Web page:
Updated from its original posting on 18-03-2011
Forex trading, at the very least, requires you to deal with risk and the unknown every single day. Because of the uncertainty surrounding trading, you will most likely encounter events that may change your comfort level, aka “stress you out.” Psychological stress is natural in trading, just as it is for Cyclopip to eat baby rabbits.
But wait a minute… Isn’t stress always bad?! The only thing that seems to be good about being STRESSED is that it’s DESSERTS spelled backwards! (That’s good,huh? I’m so original…)
Kidding aside, psychological stress can be good when it gives way to a flight-or-fight response, wherein you become more alert and mentally prepared to deal with challenges. It’s like a jolt of adrenaline to the brain, which tells your mind and body to react and mobilize. In this case, stress can help you protect yourself and improve performance.
On the other hand, a trader who does not positively react to stress can hinder his/her trading performance. This is when you perceive an event as a threat. Instead of feeling alert and being prepared to react to a challenge, you get bogged down by your fear of the unknown and you become anxious or freeze. This kind of stress can be crippling for making good decisions as you lose your ability to remain calm and focus.
Imagine that you are crossing the street and, all of a sudden, a ten-wheeler truck comes out of nowhere speeding in front of you. How do you react?
Naturally, stress kicks in. If you’ve developed the ability to positively react to stress, or even ignore it all together, your body will immediately react and you run to safety. If not, you freeze in the middle of the road with the deer in the headlights expression on your face…and I can only imagine what’d happen next.
At the end of the day, it’s how you perceive actions or events that give way to either the good or bad reactions to potentially stressful situations. And it’s during these critical situations, how you handle your stress is what determines whether you sink or swim. Here are a couple of steps you can take:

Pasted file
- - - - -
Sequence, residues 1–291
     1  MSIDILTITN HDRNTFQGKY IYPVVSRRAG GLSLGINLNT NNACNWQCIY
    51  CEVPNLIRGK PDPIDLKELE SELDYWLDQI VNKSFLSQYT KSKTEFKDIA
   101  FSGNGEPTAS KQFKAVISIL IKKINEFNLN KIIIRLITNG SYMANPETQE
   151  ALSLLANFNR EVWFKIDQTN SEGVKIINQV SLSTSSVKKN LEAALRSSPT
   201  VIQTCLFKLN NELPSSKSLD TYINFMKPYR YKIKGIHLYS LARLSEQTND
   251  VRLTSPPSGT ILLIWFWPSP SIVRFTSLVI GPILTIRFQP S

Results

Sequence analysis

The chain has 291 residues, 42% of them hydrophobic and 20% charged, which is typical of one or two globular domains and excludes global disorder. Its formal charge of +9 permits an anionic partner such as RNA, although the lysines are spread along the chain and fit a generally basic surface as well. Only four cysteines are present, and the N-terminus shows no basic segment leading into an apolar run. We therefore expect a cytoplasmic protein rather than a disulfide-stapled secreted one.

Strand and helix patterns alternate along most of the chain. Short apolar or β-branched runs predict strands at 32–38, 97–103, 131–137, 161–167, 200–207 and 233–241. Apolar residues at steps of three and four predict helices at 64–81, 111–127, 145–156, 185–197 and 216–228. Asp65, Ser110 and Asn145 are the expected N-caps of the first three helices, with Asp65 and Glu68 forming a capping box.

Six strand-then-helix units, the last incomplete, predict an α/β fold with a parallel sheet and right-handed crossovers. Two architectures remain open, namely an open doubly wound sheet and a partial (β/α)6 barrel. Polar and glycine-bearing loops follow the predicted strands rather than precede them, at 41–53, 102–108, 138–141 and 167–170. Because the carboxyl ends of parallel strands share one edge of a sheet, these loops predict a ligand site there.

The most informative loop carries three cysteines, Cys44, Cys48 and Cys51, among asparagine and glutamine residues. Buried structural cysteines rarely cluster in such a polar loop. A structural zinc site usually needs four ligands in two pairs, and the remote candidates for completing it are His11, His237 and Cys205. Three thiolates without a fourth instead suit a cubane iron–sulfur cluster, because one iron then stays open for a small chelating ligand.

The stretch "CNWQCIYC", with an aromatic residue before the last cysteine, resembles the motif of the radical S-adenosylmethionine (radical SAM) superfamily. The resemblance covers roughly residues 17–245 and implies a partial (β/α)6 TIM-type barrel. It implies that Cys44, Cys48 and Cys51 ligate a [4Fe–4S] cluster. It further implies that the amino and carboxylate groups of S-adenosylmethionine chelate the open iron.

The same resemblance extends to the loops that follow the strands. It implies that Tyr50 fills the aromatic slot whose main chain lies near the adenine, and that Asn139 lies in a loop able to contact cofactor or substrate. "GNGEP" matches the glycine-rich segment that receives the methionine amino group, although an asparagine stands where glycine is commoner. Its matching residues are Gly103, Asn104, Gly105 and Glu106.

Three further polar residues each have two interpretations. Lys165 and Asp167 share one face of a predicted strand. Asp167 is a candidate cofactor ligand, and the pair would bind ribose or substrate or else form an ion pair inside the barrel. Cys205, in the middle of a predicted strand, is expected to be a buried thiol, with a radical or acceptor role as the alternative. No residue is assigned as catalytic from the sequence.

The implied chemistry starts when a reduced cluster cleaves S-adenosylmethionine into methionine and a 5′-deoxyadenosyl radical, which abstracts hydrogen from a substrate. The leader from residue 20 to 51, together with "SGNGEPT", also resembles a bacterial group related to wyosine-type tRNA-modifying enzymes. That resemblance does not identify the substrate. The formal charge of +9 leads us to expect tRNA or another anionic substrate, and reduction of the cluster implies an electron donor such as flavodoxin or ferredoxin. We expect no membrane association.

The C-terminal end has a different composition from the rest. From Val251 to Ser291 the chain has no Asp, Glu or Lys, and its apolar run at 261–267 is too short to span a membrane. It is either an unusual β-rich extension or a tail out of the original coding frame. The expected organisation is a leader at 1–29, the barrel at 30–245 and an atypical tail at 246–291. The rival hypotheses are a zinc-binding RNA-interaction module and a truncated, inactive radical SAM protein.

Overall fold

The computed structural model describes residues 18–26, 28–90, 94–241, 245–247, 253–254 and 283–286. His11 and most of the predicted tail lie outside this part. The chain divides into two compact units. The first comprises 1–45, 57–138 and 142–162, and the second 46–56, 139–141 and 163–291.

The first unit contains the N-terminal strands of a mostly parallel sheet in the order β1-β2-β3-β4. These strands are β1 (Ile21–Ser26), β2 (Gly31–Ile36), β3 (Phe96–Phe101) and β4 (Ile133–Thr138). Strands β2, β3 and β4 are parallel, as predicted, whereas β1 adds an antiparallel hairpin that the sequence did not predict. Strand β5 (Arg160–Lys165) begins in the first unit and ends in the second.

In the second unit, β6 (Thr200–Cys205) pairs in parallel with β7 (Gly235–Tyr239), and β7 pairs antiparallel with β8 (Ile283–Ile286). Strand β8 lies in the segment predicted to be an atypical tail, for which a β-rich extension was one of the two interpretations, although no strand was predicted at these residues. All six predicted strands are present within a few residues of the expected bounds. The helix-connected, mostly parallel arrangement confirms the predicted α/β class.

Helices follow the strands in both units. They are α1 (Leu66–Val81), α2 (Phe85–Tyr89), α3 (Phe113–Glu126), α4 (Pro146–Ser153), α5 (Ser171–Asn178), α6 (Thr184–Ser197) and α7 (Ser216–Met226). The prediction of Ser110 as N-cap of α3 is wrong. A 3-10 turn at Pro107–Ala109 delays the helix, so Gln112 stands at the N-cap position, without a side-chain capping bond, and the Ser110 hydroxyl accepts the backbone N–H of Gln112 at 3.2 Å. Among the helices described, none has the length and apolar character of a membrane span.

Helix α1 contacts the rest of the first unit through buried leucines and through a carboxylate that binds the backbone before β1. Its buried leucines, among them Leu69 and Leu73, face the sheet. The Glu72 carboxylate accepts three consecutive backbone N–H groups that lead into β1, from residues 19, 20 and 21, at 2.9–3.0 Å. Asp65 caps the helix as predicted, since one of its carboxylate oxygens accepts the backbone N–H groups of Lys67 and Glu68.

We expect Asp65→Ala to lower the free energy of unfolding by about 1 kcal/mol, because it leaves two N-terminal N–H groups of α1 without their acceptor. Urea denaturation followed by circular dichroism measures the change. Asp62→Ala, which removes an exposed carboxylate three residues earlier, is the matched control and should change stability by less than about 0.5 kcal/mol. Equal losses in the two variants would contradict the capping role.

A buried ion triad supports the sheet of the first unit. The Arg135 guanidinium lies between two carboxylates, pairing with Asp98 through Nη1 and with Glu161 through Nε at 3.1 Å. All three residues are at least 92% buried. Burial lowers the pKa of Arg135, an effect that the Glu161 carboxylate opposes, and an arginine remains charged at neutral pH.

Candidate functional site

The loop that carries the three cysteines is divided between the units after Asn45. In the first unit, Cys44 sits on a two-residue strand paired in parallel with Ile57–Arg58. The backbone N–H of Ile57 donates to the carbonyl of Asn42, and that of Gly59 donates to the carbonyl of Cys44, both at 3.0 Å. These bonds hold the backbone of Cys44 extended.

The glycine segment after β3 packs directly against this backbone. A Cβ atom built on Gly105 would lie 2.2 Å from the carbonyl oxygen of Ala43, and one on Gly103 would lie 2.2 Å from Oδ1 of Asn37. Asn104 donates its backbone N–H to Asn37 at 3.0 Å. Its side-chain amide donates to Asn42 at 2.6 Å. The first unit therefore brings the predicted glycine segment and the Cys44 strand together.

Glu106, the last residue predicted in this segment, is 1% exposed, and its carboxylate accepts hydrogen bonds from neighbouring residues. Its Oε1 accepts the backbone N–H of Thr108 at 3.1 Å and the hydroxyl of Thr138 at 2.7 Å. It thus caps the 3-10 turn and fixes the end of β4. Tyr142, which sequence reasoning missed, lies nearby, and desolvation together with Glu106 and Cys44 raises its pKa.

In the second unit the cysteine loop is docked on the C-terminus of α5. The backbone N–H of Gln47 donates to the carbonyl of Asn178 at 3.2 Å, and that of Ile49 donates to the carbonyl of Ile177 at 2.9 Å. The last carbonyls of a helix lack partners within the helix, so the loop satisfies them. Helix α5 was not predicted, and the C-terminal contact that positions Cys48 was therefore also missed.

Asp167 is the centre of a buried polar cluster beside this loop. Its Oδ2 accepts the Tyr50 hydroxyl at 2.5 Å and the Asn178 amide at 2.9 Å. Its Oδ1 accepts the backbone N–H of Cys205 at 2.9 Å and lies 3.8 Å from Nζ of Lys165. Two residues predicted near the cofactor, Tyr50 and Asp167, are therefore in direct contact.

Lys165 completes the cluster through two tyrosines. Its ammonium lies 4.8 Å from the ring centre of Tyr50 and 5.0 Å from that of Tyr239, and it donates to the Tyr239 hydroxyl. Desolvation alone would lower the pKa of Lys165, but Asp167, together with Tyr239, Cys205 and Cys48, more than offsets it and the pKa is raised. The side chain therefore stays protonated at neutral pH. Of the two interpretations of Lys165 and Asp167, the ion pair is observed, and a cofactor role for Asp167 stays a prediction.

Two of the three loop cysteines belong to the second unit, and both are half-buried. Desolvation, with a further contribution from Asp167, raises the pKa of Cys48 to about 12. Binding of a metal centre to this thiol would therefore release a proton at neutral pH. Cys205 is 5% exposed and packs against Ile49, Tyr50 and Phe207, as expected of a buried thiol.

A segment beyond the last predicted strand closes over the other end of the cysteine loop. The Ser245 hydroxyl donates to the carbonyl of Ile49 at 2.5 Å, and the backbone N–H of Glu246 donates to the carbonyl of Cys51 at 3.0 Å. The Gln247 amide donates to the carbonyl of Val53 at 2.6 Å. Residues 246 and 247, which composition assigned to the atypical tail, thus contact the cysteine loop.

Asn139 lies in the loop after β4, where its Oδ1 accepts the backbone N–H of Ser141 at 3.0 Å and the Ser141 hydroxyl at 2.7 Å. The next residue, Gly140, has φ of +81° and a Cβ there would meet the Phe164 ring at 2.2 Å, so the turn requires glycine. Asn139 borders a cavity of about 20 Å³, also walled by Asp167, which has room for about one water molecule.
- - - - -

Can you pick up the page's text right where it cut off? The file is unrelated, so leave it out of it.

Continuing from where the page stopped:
The first step is to know that losing is a natural part of trading and that a single trade, or a string of losing trades, is not the end of the world–with proper risk management of course! Once you have recognized this fact, you can focus your mind on what you CAN do, rather than on what you CAN’T do.
Secondly, you need to realize that in potentially stressful situations, you have to be able to learn respond well (calmly staying focused and rational) instead of negatively (freeze and/or act impulsively). In other words, when faced with stress, you’ll have to train yourself to recognize then dive to get out of the way of that speeding ten-wheeler just as an action star would do, instead of freezing from anxiety and get squished like a bug!
Accepting that losing is a natural part of trading and developing a positive response to market events and your trading actions can only come through one thing: deliberate practice. Through deliberate practice (taking many DEMO trades then observing and adjusting your psychological/physical responses), negative responses to trading stress can be reduced significantly or even be used as a tool to help sharpen your senses to make better on-the-spot adjustments to your trades as new information comes your way.
Learn to accept stressful situations. Embrace it… And heck, once you master your mind and body over it, you might even love it!